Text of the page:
181, LDL 101, HDL 47, GGT 31, BUN 26, and creatinine 1.4.
In addition to the above treatments, we also used Laser Energetic Detoxification
(LED), as taught by Lee Cowden, MD. LED is the application of low-power laser
light modulated through homeopathic preparations of toxins, allergens, organs,
hormones, and neurotransmitters to acupuncture points. Rocky was treated for
sulfanilamide, Bactrim, and Septra (found in meats which putatively block sulfur
metabolism in the whole body), 23 different mercury salts, cadmium Diazenon,
DDT-DDE, insulin, pancreas, benzene, xylene, toluene, Dioxin, HGH, PCBs, Heptachlor,
testosterone, formaldehyde-formic acid, petroleum, Atrazine, carbon tetrachloride,
methyl ethyl ketone, glucagon, leptin, liver, and heart.
Repeat perfusion study in May 2005 showed an ejection fraction of 45% with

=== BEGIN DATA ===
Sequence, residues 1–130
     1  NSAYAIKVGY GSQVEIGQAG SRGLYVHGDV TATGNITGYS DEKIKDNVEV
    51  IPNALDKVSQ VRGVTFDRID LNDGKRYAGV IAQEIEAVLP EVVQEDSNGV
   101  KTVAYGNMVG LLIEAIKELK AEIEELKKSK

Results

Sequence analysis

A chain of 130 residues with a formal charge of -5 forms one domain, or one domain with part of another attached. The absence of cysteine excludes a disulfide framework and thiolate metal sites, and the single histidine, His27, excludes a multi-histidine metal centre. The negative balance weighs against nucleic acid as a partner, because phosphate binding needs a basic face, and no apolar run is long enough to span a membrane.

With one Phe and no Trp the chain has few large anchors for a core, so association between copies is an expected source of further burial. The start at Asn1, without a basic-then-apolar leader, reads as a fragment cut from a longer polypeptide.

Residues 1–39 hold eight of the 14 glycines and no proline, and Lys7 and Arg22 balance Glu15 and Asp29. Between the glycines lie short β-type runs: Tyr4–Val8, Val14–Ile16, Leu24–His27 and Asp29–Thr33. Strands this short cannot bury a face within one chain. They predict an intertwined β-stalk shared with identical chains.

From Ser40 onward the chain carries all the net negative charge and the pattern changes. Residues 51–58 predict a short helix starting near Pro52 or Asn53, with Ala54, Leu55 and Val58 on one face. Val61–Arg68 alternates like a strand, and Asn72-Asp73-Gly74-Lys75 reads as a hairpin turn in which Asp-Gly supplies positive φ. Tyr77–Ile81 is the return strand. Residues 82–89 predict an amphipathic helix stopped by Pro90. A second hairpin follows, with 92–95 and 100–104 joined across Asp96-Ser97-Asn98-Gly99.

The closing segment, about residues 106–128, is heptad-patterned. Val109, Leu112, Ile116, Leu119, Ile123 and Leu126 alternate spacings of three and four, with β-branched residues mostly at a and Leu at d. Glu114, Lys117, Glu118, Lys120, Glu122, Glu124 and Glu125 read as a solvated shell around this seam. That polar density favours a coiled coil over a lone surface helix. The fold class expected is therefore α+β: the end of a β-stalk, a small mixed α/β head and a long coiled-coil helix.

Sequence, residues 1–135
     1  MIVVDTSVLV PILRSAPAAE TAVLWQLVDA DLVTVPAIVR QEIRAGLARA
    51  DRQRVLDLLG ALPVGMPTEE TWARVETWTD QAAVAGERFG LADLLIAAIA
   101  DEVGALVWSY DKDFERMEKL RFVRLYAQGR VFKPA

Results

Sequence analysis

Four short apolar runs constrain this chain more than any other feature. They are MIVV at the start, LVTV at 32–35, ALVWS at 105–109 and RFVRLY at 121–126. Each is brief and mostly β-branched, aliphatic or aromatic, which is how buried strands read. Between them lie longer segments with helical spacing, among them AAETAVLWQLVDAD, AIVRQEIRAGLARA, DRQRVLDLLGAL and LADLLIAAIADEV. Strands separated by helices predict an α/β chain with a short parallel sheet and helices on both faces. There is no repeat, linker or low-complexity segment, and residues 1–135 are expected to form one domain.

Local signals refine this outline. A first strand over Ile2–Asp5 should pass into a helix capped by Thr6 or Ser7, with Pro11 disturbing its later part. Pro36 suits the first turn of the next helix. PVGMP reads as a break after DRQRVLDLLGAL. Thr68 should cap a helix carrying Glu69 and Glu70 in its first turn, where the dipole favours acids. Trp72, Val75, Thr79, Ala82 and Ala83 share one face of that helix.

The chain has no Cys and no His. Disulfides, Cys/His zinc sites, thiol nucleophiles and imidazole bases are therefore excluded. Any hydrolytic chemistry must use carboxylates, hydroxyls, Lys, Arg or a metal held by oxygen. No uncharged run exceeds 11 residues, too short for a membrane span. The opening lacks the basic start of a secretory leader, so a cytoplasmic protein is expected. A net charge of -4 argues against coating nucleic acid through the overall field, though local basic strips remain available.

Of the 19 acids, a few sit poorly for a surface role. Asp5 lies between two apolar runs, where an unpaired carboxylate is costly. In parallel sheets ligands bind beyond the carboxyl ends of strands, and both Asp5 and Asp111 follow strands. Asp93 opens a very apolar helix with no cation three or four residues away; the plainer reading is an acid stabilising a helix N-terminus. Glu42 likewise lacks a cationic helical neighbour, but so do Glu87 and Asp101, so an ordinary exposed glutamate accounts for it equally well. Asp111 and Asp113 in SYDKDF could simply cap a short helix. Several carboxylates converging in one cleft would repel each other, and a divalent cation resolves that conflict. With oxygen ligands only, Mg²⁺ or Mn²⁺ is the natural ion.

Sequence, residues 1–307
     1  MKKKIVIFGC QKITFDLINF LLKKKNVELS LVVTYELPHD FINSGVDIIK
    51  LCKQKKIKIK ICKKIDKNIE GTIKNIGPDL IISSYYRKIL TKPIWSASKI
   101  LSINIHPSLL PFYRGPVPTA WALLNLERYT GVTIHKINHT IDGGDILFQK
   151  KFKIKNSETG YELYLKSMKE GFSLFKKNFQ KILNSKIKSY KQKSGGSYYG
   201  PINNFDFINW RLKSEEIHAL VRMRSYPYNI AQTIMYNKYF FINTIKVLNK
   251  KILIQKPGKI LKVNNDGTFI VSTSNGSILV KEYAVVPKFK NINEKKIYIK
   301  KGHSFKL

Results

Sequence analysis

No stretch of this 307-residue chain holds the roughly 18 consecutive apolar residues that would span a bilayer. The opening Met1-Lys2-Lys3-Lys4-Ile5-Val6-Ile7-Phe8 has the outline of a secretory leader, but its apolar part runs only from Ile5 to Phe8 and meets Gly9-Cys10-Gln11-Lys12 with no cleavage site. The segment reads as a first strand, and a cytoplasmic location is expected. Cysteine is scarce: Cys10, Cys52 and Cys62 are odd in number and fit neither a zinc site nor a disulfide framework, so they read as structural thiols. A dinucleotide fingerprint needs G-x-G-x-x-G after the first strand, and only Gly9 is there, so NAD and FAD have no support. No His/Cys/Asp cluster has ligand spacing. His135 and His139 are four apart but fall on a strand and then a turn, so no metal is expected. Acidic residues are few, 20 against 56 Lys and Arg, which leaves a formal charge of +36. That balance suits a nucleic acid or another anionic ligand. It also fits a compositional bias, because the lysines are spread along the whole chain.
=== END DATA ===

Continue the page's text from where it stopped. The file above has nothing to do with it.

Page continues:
good improvement in the left ventricular size. Many of the hypokinetic areas
remained, but the study was of poor quality. Rocky has been working out with
a personal trainer, rowing and lifting weights. He can walk several flights
of stairs with no dyspnea and works ten hours per day, seven days per week
as a checker in a large grocery chain (against medical advice) as a favor to
a relative who manages the store. He has no chest pain or other vascular symptoms
and is very happy with his newly found energy and endurance. He tires a little
at the end of the day but, in general, says that he has never felt better in
his life. He is off all medication except metoprolol and metformin, his nutrients,
and hormones. His blood pressure is normal, and now you can actually hear his
heart in normal sinus rhythm with a stethoscope and, as Rocky would say, "That's